Daily Echo:

Saints face a massive decision as they aim to find the right successor for Claude Puel.

Much is often made of the club’s scouting and recruitment, and that they keep an up-to-date list of potential managers so they are ready to move quickly if they find themselves needing a new one.

Here, the Daily Echo’s chief sports writer, Adam Leitch, takes a look at some of the factors that Les Reed is likely to be considering as he prepares to play the role of king maker once again.


Saints see themselves as a club on the precipice of breaking through to join the big time, which means regular European football.

As a result they aren’t too keen on taking a punt on somebody with little experience.

You are unlikely to ever see Saints appoint some former top level player who wants to jump into management.

Instead, they want to see a career of progress, with at least one club but preferably more.

Also important is that experience of getting a club into Europe and then managing in European competition, as that is where Saints are aspiring to go.

Any manager also needs to be able to demonstrate they have handled top level players, which is an art all of its own these days, and seems particularly important for the club right now given some of the disharmony.

Big time or not?

Probably the most difficult decision Saints face is whether to go ‘high profile’ or not.

There is a fair argument to be made that now is the right time to appoint a big name manager, just as Saints did when they hired Ronald Koeman.

There is a squad to calm down, an air of authority needed to keep players at the club, and a strong minded individual required to really force their own plans through.

However, it is something that is a real dilemma for the club. Indeed, you might suggest this is the biggest dilemma of their managerial hunt.

Saints had an issue with Koeman. He became too big to handle.

Saints like to work in much more of a business style than a traditional football style. But Koeman was hugely successful and popular with the fans, and so soon decided he wanted control and to do things on his terms.

If you go ‘high profile’ that is normally what you end up with sooner or later.

But to go for somebody without that profile, and potentially therefore that lack of authority, particularly with the players, would be a risky business right now given where the club find themselves.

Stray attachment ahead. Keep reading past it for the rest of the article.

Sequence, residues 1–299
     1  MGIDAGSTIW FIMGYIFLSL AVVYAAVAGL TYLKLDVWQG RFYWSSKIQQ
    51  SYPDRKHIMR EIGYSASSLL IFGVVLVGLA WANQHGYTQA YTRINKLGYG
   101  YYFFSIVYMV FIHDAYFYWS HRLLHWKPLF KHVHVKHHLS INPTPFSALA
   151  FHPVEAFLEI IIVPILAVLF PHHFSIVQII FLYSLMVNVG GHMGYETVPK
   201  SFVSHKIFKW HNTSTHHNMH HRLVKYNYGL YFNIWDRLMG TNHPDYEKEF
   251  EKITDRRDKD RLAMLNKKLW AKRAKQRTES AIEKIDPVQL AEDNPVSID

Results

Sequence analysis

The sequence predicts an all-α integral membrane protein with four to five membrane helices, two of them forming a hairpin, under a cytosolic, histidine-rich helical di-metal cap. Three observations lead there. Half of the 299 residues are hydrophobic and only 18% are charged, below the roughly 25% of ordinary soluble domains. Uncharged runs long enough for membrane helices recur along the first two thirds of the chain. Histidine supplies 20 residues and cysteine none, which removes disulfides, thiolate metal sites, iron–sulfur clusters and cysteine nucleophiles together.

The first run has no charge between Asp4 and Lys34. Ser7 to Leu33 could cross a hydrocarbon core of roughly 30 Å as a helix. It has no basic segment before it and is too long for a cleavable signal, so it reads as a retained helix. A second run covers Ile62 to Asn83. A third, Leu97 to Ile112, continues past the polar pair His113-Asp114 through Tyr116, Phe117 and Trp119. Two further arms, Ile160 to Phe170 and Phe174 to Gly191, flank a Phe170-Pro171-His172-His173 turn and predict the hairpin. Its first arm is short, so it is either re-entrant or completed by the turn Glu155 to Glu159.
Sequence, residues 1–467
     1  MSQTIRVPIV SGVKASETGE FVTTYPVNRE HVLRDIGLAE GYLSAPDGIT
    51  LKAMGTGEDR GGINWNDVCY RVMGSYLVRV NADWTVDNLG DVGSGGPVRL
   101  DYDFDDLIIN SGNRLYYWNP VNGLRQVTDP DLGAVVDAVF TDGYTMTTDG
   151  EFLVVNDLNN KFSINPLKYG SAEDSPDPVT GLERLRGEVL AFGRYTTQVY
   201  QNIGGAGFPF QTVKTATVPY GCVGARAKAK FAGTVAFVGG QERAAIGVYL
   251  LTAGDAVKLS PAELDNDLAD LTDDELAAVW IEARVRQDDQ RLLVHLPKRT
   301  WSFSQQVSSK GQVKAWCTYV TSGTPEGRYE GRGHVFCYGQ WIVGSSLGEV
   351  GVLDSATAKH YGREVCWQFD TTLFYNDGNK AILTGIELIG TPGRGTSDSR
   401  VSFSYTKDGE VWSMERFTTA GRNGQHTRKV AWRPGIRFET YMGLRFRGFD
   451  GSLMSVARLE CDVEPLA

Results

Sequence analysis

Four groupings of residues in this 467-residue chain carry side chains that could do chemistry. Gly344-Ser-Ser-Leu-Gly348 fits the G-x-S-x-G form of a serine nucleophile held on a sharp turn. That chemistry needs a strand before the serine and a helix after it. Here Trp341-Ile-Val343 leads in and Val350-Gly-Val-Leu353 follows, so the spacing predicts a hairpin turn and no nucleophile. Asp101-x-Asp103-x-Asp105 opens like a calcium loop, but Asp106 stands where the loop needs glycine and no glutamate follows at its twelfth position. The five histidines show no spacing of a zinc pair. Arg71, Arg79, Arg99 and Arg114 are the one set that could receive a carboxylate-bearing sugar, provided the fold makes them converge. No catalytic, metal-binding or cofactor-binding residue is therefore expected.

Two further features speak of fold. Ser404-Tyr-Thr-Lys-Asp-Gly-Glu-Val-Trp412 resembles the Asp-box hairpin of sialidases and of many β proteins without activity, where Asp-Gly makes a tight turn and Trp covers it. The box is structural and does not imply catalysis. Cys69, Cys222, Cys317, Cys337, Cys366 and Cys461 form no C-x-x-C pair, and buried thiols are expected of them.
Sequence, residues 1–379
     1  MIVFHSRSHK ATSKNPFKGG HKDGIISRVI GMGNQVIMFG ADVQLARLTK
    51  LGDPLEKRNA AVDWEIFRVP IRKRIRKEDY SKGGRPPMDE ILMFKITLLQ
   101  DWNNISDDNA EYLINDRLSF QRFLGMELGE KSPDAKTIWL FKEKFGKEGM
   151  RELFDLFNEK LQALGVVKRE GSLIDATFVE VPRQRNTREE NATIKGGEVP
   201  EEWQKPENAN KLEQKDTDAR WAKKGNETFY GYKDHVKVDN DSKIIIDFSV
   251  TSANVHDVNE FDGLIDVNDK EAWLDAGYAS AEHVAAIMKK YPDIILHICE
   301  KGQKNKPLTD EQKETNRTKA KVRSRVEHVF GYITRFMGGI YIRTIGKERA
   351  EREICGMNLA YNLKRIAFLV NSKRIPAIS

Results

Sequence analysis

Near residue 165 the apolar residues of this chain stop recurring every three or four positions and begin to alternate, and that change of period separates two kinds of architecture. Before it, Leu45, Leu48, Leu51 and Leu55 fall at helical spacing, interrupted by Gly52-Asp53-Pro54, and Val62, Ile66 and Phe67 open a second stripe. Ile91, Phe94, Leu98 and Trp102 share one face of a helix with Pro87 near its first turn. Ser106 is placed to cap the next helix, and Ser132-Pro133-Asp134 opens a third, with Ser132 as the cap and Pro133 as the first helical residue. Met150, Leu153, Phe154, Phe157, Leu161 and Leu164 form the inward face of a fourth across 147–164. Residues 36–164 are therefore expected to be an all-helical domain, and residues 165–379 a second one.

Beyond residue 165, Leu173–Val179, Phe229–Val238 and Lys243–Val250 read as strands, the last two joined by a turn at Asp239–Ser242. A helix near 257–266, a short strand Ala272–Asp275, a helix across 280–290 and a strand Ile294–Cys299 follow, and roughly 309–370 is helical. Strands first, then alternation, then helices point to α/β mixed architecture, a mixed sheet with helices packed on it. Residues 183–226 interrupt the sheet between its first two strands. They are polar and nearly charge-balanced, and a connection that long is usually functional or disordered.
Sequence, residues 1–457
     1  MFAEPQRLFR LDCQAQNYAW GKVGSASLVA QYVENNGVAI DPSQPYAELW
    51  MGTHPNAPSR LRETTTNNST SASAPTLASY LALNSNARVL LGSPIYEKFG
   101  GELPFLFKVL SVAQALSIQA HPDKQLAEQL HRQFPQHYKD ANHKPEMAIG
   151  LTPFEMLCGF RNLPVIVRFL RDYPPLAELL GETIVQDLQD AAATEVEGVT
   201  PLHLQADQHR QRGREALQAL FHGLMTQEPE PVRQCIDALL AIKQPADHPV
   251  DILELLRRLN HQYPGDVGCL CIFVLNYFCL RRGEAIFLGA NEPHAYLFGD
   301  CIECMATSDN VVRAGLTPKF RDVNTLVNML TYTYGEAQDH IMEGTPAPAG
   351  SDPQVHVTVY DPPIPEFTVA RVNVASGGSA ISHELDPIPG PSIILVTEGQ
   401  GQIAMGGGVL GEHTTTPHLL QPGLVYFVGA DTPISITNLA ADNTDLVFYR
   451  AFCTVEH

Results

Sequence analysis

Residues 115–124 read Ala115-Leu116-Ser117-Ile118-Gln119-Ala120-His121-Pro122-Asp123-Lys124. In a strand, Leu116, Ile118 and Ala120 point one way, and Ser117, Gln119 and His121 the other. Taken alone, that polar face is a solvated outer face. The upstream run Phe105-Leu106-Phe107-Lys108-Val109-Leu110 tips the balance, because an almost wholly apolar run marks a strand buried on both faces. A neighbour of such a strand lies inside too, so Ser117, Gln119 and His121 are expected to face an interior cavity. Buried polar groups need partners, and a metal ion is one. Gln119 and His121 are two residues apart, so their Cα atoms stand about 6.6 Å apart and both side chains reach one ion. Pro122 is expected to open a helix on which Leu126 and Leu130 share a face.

Willingness to work in a structure Part of the problem of a ‘high profile’ manager is that they like to have things done in their own way.

Saints, however, want the manager to be part of a set structure within the club, which Claude Puel certainly was.

That willingness to accept you have Les Reed, Ross Wilson, whatever coaching staff are permanently there and so on will not fit lots of managers, and again many big names could be put off.

Saints need somebody not only to be willing to accept that initially, but also as time goes on, otherwise things can get fractious behind the scenes.


The much talked about ‘Southampton Way’ feels more than ever like a piece of marketing jargon rather than something tangible.

Saints need to restore faith in their methods with the supporters, and to an extent some of the players and staff as well.

The club do want to play attractive, passing and attacking football. That Puel’s side ended up being so dour and dull much of the time was ultimately his major undoing.

Any new manager will need to be able to convince that they have a plan not only to bring results but to do it in a certain way.

Playing the youngsters One of the club’s biggest boasts is developing young talent.

Part of the issue with Koeman was that there was a feeling from upon high at the club that he blocked the pipeline to the first team. He argued that was because he didn’t believe there were players good enough to make it.

Most managers coming in will want to splash out and bring in new faces.

As it stands right now, Saints are confident that they don’t really need too much more, just a few additional signings.

They want to see a new manager progress what the club already has, and field some of the youngsters and aid their development.

That will likely rule out some big name bosses who will take Koeman’s stance.


This is two-fold.

Firstly in terms of the transfer budget, which was discussed above. The new man will have to accept that there is not going to be cash splashed all over the place and work within that constraint.

Secondly in terms of hiring that manager.

Saints have paid had to pay a fair old whack to get rid of Puel, and so are unlikely to be wanting to splash large amounts of compensation on getting a manager who already has a job out of a club. Therefore, an out of work boss might make more sense if the right person is available.


One of the major criticisms of Puel was his inability to really communicate effectively.

A bit of that was the language barrier, but the most significant part was that it was just his personality. He was a quietly spoken and reserved chap, which is totally at odds with what the stereotype of the modern Premier League manager, who has to be a commanding personality.

Saints didn’t want Puel to use a translator having felt they got trapped by it under Mauricio Pochettino, but it didn’t go so well this time round either.

Saints will seriously consider how well a manager presents themselves to the media this time around.

The future

In the same way Saints were disappointed that Pochettino and Koeman showed little loyalty to them, they didn’t show too much to Puel either. It’s just the modern game.

Saints are now seen as a stepping stone club, a gateway to the top teams if you like, but they would like to be a little more than that.

Therefore they will be hoping to try and attract somebody who doesn’t see it as a job just for a couple of years with a view to moving on the second they achieve any measure of success.